Europe retained the Solheim Cup in a thunderous rally at Spain’s Finca Cortesin in Sunday’s final singles matches. It was a 14-14 tie, the first tie in the 33-year history, but the tradition in this format is that in this case the trophy goes to the previous winner. Here’s what you need to know:
Carlotta Siganda birdied the 17th to score 14th for Europe. The Spaniard and Nelly Korda of the United States were tied through 15 holes, but Siganda birdied the 16th and hit a stunning shot on the par-3 17th to set up the match. The trophy winner putt. Europe has won three Solheim Cups in a row and five of the last seven. The United States will have another chance to win the Solheim Cup in a year at Robert Trent Jones Golf Club in Gainesville, Va.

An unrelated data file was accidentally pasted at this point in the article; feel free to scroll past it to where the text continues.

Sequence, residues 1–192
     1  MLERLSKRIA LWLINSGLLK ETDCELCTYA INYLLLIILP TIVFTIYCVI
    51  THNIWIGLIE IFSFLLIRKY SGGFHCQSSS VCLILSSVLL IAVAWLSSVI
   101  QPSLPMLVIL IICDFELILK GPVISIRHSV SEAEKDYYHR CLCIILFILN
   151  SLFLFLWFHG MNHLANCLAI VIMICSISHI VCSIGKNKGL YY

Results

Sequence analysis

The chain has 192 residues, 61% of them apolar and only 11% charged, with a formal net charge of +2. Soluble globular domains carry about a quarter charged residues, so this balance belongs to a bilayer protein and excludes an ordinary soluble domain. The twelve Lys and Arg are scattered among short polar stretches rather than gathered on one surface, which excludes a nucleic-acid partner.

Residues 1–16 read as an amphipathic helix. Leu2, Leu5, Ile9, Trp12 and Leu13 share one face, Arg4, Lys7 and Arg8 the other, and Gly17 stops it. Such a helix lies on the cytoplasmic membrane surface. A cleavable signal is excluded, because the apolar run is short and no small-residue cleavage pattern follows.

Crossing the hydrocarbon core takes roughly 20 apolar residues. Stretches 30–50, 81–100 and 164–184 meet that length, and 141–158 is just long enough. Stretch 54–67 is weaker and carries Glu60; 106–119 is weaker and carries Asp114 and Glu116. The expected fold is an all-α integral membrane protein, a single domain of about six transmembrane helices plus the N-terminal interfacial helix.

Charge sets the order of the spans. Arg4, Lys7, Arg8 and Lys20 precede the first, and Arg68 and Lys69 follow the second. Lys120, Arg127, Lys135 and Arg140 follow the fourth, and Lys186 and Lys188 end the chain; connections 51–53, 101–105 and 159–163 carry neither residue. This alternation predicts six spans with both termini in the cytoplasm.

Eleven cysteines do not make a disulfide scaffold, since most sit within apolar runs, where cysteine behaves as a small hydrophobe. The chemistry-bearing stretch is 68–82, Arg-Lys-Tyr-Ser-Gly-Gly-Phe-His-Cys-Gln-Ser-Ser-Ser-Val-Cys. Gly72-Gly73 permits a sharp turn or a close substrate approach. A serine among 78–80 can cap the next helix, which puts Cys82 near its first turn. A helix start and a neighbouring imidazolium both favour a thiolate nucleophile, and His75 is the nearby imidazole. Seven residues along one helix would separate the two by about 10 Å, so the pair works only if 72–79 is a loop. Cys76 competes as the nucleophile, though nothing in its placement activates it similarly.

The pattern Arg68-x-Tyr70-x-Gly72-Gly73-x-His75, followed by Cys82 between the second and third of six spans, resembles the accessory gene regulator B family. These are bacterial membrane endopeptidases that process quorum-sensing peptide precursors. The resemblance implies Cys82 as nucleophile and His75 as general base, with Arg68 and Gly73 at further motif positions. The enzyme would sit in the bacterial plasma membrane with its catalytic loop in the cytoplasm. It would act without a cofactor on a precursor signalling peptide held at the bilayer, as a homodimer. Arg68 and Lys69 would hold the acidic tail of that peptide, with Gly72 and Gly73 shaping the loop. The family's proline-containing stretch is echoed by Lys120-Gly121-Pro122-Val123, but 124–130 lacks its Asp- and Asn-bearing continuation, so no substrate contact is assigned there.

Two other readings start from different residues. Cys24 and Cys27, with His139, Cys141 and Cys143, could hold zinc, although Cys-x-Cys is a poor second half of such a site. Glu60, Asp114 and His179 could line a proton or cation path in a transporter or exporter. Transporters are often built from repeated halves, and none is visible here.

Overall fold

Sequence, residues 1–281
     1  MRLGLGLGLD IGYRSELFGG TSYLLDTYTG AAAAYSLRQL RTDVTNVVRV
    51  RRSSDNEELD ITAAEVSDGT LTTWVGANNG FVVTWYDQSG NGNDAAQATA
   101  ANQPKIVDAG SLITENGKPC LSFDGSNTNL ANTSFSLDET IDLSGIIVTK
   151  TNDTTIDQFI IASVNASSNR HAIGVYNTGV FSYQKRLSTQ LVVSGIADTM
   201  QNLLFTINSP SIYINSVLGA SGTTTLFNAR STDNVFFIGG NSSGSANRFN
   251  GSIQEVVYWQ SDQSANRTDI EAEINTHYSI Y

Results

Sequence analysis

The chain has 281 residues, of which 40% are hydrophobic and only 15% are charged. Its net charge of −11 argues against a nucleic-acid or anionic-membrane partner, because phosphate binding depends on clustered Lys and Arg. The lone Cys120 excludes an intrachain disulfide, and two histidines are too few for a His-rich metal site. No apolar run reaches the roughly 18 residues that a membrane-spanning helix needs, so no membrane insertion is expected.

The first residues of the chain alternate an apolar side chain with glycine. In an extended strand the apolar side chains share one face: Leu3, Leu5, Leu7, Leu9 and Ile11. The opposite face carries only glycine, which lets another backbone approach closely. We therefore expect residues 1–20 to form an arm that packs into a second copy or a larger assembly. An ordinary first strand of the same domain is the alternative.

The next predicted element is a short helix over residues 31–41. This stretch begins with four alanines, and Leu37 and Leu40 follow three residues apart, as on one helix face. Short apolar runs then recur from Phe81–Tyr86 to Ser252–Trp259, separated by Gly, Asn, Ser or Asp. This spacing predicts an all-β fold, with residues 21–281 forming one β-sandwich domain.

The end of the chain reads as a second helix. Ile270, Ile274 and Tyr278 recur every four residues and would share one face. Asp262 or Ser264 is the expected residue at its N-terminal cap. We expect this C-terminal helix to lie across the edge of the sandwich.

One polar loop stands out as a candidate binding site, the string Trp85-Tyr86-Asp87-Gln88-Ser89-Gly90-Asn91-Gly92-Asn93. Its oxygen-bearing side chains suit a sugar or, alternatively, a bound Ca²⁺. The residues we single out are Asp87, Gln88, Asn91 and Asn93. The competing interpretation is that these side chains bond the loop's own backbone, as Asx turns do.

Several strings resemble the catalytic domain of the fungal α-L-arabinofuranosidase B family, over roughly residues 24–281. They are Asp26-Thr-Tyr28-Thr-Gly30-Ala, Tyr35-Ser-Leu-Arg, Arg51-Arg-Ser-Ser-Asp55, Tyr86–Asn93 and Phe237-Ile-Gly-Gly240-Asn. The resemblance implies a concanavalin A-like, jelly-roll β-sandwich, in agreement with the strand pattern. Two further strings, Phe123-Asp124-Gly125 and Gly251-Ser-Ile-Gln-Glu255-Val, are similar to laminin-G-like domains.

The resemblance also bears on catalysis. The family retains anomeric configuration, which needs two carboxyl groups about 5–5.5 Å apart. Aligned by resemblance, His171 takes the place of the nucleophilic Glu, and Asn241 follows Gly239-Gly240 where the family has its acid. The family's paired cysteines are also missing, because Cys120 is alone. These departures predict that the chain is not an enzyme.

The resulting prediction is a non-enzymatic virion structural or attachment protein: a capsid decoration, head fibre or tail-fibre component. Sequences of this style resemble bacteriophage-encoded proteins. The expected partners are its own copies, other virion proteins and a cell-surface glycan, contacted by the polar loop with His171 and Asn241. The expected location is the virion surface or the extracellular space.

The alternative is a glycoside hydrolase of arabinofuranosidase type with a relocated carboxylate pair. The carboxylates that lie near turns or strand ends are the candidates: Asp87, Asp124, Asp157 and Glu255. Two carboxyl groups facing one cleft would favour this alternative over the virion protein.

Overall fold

It certainly looks like the United States is poised to take back the Solheim Cup. Captain Stacey Lewis’ faith in Megan Kang and Danielle Kang was rewarded as they both earned full points to take two of the first three matches, and Angel Yin and Lilia Vu also won their singles matches. It was 13-11 for the United States in several ways to reach the necessary 14 1/2 points.
Then Europe, as it will soon do in this biennial tournament, dominates with some golf. Caroline Hedwall was 3-under to play six holes but then went birdie-birdie-par-birdie-birdie on the next five to wrest the match from Ali Ewing.
Maja Starc shut out Alisson Corpuz, Gemma Dreberg got half a point and then Siganda – Europe’s sensational leader – earned the chance to win the title on home soil.
Lexi Thompson won the final singles match 2 and 1 to score 14 points for the United States.
The United States and Europe entered Sunday’s singles tied at 8-8, setting up an impressive final day. The U.S. jumped out to a 4-0 lead after Friday’s first period, but Europe won both four-ball sessions 3-1 and took four games 2-2 on Saturday to turn things around.
Europe hasn’t scored more than 15 points in its last three Solheim Cup wins.
(Photo of Caroline Hedwall: Stuart Franklin/Getty Images)